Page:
Mary McDonagh is a Partner and tax specialist at leading independent Chartered Accountants Kilsby Williams.
Christmas is coming, the mad dash to the shops has begun and piles of presents have started accumulating.
As well as gifts for family and friends, many of us will also be having the annual debate about what we are going to buy for our office Secret Santa present, whilst looking forward to the works party. Employees may also be hoping for some additional generosity from their employer by way of a Christmas gift, whether it is a turkey, a special malt whisky or box of chocolates.
Christmas is a time of giving and most employers do want to show generosity to their workforce at this time of year. However, unless they want to inadvertently also put a penny (or more) in the taxman’s hat, they should be mindful of the specific tax reliefs that apply to annual parties, functions, and other benefits.
Every year, the taxman effectively allows employers a £150 per head threshold for social events before they need to start worrying about tax consequences for themselves or their employees. This limit of £150 applies per head, not per employee, so a business may be generous and include partners to their Christmas celebrations without fear of giving rise to tax consequences.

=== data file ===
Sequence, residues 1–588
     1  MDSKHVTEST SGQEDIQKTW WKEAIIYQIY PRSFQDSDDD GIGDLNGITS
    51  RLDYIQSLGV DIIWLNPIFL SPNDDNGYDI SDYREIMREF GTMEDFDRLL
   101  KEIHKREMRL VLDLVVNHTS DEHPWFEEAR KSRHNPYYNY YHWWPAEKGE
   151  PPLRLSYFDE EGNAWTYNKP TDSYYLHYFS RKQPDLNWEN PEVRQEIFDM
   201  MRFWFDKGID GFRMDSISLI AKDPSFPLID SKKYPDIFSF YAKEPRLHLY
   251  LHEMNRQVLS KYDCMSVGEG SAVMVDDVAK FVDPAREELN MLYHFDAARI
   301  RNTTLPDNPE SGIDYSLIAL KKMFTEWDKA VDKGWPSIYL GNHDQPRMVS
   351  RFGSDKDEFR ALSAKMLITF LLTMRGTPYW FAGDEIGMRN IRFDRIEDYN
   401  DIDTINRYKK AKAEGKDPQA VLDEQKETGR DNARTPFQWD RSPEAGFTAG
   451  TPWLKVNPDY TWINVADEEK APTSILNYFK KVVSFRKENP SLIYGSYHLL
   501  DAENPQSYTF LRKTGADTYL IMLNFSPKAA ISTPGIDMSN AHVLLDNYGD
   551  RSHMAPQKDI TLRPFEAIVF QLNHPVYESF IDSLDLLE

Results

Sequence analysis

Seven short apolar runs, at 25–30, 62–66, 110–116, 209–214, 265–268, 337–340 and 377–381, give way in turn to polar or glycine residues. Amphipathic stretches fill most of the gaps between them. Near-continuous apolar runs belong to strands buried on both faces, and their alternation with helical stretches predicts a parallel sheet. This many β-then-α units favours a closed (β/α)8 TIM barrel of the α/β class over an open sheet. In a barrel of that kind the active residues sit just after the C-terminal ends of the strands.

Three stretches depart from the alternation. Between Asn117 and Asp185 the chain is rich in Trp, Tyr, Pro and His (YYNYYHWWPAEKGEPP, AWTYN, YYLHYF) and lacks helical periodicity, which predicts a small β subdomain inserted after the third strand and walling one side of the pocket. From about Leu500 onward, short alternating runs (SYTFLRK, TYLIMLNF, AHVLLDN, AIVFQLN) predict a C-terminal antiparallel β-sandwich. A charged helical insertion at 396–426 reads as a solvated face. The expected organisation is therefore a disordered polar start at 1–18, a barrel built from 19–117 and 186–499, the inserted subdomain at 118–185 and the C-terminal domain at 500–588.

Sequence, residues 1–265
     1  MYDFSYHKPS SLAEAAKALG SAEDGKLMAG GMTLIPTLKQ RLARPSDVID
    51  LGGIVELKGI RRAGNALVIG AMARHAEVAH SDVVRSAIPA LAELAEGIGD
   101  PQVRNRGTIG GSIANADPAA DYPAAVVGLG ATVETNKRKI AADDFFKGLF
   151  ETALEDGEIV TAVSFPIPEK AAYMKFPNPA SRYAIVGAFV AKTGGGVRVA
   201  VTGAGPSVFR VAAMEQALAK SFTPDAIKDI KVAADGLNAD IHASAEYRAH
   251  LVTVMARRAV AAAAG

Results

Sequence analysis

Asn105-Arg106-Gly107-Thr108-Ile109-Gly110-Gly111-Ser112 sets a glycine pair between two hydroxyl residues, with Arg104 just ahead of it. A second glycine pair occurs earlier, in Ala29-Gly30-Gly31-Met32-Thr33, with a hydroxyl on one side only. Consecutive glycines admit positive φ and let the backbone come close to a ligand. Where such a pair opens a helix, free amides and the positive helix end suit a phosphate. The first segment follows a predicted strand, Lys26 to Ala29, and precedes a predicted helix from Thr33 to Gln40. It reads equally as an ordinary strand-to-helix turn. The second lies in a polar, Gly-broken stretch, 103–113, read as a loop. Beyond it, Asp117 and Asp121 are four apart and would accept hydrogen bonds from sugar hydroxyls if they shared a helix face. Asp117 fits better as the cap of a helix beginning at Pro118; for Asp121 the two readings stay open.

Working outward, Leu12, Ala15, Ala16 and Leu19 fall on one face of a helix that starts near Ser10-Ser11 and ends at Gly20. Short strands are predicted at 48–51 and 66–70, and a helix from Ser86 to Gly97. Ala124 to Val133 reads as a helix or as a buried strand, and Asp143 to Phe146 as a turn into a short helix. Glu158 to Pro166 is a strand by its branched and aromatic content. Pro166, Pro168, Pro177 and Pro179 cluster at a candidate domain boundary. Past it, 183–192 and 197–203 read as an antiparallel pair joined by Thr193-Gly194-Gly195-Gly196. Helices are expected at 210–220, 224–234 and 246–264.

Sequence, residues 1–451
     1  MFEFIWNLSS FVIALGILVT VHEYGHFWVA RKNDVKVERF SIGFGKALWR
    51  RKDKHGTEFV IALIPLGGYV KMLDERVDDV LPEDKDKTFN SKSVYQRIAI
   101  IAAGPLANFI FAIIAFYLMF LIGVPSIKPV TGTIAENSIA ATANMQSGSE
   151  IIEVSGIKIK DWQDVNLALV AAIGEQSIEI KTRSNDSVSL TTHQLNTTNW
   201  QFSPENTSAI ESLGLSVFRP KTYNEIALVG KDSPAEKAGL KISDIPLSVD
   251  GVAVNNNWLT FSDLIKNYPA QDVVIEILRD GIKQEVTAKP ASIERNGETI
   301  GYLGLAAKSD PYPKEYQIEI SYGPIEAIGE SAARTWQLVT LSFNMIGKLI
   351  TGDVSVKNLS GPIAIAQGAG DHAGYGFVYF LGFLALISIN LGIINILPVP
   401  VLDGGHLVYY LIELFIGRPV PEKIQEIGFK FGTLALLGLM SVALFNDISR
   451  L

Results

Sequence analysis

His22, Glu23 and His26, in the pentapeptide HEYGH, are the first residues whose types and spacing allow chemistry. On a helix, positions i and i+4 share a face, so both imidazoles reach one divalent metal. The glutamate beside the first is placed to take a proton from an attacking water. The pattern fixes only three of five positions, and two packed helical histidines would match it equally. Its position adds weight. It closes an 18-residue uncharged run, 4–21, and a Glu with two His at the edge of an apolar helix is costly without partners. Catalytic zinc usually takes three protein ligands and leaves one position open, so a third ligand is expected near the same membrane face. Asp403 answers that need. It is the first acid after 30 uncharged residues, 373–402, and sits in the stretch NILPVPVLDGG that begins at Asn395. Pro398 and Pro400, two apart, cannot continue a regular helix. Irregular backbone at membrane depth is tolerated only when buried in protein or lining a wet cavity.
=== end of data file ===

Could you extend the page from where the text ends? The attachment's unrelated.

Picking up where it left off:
However, if the choice of venue proves unpopular or there is a number of last minute no shows, the average cost can increase, creeping up over the allotted £150 per head for those that actually attend. Employers need to be aware that in this instance the taxman is within his rights to enforce an employee benefit charge, this £150 limit is not an allowance and the full cost could become taxable.
Whilst we all love receiving a festive gift, a present from the company could actually end up causing employees unwanted extra tax if the value of the gift exceeds the tax-free “trivial benefit limit” which currently stands at £50 per gift.
It should be noted however that ‘giving’ need not only be for Christmas. This £50 trivial benefit limit can apply to any perk a business wants to give to its employees, providing it is not cash, a cash voucher or a reward for an employee doing their job.
With so much negativity currently surrounding the future of UK businesses and jobs, it is wonderful that so many businesses share their success throughout the year with those who helped them get there. I would urge employers to exercise care however to make sure that it is their employees who are benefiting from their generosity and not the taxman.